DOJ spends millions on ‘nonmission’ luxury travel for Attorney Generals, FBI director

A Government Accountability Office report reveals that the Justice Department has spent $11.4 million to fly the Attorney General and FBI director on FBI luxury jets for travel unrelated to the agency’s mission.

Iowa Republican and ranking judiciary committee member Sen. Chuck Grassley — who requested GAO look into Justice Department aircraft being used to for “nonmission” reasons — released the report Thursday.

“These luxury jets were supposedly needed for counterterrorism, but it turns out that they were used almost two-thirds of the time for jet-setting executive travel instead,” Grassley said. “Nobody disputes that the Attorney General and the FBI Director should have access to the secure communications, but, for instance, there’s no reason they can’t take a less expensive mode of transportation, or cut their personal travel.”

The GAO looked at nonmission jet use from 2007-2011. In that timeframe, the report explains, the “three individuals who served as Attorney General (AG) and the Director of the Federal Bureau of Investigation (FBI) accounted for 95 percent (659 out of 697 flights) of all Department of Justice (DOJ) executive nonmission flights using DOJ aircraft at a total cost of $11.4 million.”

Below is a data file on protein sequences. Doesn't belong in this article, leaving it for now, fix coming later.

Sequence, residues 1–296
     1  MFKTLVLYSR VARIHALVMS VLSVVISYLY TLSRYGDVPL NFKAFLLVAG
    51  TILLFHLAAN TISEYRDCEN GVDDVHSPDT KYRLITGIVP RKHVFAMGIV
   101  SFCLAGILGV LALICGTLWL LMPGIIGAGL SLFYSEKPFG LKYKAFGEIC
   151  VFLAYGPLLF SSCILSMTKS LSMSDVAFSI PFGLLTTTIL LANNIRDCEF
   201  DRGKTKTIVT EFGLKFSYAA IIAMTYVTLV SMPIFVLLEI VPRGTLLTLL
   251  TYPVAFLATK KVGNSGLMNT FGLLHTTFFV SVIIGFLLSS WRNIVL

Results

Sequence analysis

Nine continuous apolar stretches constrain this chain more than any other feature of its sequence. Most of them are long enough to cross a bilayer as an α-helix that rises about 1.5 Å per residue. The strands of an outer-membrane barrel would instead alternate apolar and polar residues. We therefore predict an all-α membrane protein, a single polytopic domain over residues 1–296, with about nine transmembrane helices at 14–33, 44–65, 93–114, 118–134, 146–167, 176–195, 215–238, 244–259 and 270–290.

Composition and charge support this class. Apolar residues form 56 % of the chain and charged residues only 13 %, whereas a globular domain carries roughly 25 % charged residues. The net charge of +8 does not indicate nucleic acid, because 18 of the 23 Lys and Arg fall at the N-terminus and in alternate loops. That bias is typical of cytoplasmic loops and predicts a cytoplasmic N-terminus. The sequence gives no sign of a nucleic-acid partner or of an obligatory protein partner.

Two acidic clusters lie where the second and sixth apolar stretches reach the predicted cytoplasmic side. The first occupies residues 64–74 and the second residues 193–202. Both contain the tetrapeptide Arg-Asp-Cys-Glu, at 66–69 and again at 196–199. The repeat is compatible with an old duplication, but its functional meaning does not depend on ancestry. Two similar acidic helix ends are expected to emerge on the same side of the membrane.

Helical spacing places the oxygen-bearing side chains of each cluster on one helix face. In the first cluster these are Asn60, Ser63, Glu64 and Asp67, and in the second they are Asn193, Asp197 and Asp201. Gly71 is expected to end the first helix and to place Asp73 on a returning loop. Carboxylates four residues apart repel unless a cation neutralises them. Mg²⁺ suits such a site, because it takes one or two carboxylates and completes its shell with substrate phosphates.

According to the report, personal flights accounted for 24 percent of nonmission flights and that the AGs and FBI director reimbursed that travel “in accordance with federal requirements.” Yet, as the report notes, that reimbursement “is generally less than the cost of operating a government aircraft” as it is largely reimbursed at the cost of a commercial rate.

Additionally, the GAO report revealed that over those five years DOJ spent $1.5 million to fly jets several miles from “an undisclosed location in the Washington area” to Reagan National Airport to pick up the Attorney General and FBI director Robert Mueller. The report notes that the FBI considers these “positioning flights to be necessary” because the location is “covert.”

“The taxpayers expect some discretion on this type of thing. I’m really interested in how the Attorney General can claim that federal law enforcement agents will be cut, knowing that over the last 5 years the Department has allowed for millions of dollars to be spent on personal travel. It’s ludicrous,” Grassley added. “The hypocrisy from the administration when they say that ‘the cuts apply to you, but not to me’ is hard to believe.”